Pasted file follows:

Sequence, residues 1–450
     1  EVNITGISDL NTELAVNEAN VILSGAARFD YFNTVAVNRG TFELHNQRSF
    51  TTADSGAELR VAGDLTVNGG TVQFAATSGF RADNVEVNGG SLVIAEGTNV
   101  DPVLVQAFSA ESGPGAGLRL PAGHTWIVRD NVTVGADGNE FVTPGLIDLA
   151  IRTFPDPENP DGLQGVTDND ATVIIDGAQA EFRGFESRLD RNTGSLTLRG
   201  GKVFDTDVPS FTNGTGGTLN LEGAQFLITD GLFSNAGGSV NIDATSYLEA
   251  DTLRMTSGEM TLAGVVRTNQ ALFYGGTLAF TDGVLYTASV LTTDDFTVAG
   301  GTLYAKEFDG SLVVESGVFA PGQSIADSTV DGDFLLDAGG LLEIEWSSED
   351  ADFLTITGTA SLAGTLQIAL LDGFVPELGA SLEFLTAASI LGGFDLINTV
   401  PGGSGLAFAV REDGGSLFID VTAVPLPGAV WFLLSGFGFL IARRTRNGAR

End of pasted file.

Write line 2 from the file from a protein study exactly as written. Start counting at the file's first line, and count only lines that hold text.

     1  EVNITGISDL NTELAVNEAN VILSGAARFD YFNTVAVNRG TFELHNQRSF